About the author, Harry,
movies & terminology
About the author:
Joanne Rowling (1966-) was raised in a middle-class family in western England.
"The urge to be a writer came to her early during what she describes as
a 'dreamy' internal childhood." 3 She started writing
at the age of six. "She had been a storyteller as a child...and
never really stopped." 9 Her series
of seven books was started after a divorce, when she was otherwise unemployed. "She was
writing a novel for adults when, during a 1990 train ride, [she said that]
'Harry Potter strolled into my head fully formed.' For the next five years Rowling worked on
Book One and plotted out the whole series, which will consist of seven novels,
one for each year Harry spends at Hogwarts [School]. 'Those five years really went into
creating a whole world. I know far more than the reader will ever need to know
about ridiculous details.' " She was living on welfare at the time in
Edinburgh. A rumor that she lived in an unheated apartment is not true.
She did much of her writing in local cafes. Ms. Rowling is now an unusually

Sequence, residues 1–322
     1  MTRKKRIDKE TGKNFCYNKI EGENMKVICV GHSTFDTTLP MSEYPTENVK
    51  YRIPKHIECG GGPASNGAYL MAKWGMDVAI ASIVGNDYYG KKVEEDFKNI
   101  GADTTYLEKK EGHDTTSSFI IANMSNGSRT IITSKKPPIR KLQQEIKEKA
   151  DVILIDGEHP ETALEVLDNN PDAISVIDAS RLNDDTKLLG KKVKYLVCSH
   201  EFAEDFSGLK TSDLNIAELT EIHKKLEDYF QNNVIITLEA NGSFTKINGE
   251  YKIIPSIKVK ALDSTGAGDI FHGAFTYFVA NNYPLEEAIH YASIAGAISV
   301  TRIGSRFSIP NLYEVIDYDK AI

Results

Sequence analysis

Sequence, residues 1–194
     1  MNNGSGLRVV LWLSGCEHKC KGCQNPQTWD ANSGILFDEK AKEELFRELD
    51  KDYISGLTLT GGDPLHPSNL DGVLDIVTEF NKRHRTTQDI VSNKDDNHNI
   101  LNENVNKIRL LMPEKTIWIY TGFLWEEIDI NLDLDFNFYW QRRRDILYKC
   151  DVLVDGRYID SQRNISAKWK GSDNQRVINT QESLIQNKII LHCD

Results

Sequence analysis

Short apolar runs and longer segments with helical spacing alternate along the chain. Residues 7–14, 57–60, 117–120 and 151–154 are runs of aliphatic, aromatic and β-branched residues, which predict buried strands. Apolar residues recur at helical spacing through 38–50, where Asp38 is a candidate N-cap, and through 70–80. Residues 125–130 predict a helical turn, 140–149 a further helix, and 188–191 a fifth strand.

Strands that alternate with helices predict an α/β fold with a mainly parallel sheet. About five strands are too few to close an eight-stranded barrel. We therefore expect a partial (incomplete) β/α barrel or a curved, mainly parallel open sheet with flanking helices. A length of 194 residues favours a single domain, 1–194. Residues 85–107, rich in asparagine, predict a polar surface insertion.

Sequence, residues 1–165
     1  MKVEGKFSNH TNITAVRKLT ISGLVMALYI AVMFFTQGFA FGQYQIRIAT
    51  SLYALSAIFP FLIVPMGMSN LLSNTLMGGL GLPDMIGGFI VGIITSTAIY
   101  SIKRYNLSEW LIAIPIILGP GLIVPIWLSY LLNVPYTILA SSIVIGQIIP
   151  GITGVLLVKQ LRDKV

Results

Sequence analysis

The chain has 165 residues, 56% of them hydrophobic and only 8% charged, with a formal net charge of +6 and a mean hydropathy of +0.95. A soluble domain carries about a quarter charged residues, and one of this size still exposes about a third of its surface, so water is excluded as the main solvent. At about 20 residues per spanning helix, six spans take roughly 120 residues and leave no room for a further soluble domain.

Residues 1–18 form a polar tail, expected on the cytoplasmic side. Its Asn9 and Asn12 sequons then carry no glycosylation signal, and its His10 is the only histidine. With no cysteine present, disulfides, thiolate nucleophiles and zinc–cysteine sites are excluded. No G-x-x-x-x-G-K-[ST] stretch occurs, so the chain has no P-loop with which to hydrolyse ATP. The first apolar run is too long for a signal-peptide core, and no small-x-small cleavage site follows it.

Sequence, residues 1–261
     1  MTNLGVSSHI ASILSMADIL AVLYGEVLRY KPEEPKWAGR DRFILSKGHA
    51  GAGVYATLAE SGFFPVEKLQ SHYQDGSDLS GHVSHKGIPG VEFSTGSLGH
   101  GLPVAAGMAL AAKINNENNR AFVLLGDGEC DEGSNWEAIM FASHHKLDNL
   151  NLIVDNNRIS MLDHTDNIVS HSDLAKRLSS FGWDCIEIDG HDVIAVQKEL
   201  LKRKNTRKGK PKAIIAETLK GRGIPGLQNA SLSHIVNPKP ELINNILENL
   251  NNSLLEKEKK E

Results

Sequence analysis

successful and rich writer. She earned more than 20 million U.S. dollars in
1999.; Estimates of her eventual income from the
series ranges from 100 to 270 million. She still stores her
notes in a pile of cardboard boxes and writes longhand without benefit of
computer. She has developed the reputation of being reclusive. She claims
that she has been so busy that she cannot afford time for interviews with
Four or five publishing companies rejected her first book. One
advised her that any novel about a boarding school would never sell. Even
if it was produced, publishers predicted that it would never sell very
many copies. They all said that the book, at 309 pages, was much too long
for children to read; her fourth book tops 750 pages! She finally
found a publisher, who attempted to conceal her gender by listing the
author as J.K. Rowling. They were concerned that boys would be biased
against a book written by a woman. Sales of her original book in the
series built up quickly, due largely to word of mouth advertising among children;
there was essentially no advertising budget.
About Harry and his world:
Harry Potter has had an eventful life. He became an orphan at
the age of one when the evil "wizard" Lord Voldemort murdered his
parents. Voldemort (a.k.a. "He-who-must-not-be-named") tried to kill